If you have a requirement to consume high frequency time-series data in your application, there are some excellent proprietary time-series database offerings that provide great features and performance. For many reasons however, using a proprietary system isn't always the most appropriate option - in these cases you might consider building your own storage and retrieval solution.
This post details an efficient storage solution for ingesting and querying high-frequency time-series data. The example uses Service Fabric Actors and Azure CosmosDB, however the concept can easily be adapted to your own specific platform and storage system. Service Fabric Actors provide a turn-based access model, this means that actor state can be used as our cache without having to worry about locking to prevent concurrent writes, even across multiple VMs.
In summary, the solution is a write-back caching strategy that pre-aggregates and compresses time-series into fixed intervals. This reduces the volume of historic records, making historic queries much faster and storage cheaper, while allowing a longer recent history of data to remain in cache for fast access. This strategy is inspired by time-series databases and can easily be implemented using existing resources.
The solution is geared towards high-frequency telemetry, where the number of writes is high, and the reads are most commonly performed against recent history. It's also adapted to suit append-heavy workloads, and while it supports updating older records, it may not be the right solution if updates are frequent.
Querying large volumes of high-frequency time-series data can be optimised by pre-aggregating data into larger intervals. For example, querying against a few months worth of 1 minute interval data (at 1440 samples per day) will be less efficient than querying a few months worth of daily data.
The aggregation interval can be adjusted to suit your application, and should be small enough to reduce the number of updates on existing data, but large enough to significantly reduce the number of records being queried.
The compression algorithm used in this example was developed by Facebook for their Gorilla time-series database. It takes advantage of the inherent repetitive properties of time-series data, storing the delta of deltas for the timestamp and storing only 'meaningful' bits for values, omitting leading & trailing zeros. For regular-interval sampling, timestamps are reduced to single control bits that specify the interval is the same as the previous.
This algorithm is very fast and has a high compression ratio for numeric time-series data, however the approach outlined in this post can be implemented using any time-series compression algorithm.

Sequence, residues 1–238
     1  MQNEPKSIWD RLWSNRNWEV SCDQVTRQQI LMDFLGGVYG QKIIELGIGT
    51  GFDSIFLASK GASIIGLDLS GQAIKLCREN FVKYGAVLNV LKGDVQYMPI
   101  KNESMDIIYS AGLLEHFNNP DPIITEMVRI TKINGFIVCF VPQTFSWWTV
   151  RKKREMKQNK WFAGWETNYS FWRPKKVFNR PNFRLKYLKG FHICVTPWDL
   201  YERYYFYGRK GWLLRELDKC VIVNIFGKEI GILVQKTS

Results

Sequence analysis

There are many open-source implementations of gorilla compression, this .NET Core implementation of Gorilla compression has been tried and tested.
Write-back cache describes a system that immediately caches new data and only moves to long-term storage after a period of time. This works well for time-series data, as it's common for recent data to be accessed more frequently than historic data. Requests can be served using a combination of the cache and database, concatenating the data before sending a response.
Write-back caching works well with Gorilla compression, as we can quickly append new values to the latest period of compressed data. The decreased size of the compressed time-series allows more of it to be stored in cache, meaning we can keep a longer period of recent history, leading to more cache hits.
A cache-miss would mean that the remaining data is queried from the database. This will not be as fast as serving data from the cache, however the aggregation of data into longer intervals means that database queries will run much faster for high-frequency time-series.
Service Fabric Actor & CosmosDB Implementation - Part 1
Service Fabric Actors keep state and logic closely coupled, this makes for a great in-memory cache. Compression reduces the memory footprint of cached data, and the time period that is cached can be shortened if required. This solution maps each distinct series to a single actor instance.
CosmosDB is a good database choice for scale-able volumes of data as it automatically partitions collections as the data volume grows, dependent on choosing an appropriate partition key. For this solution, a hash of series id and year is a good partitioning scheme, as we'll be querying individual series from within series-specific actors, the addition of year to the partition key means that partitions will not indefinitely grow as time rolls on.
Thanks for reading, Part 2 will dive deeper into the implementation detail, including how updates are handled. Keep posted!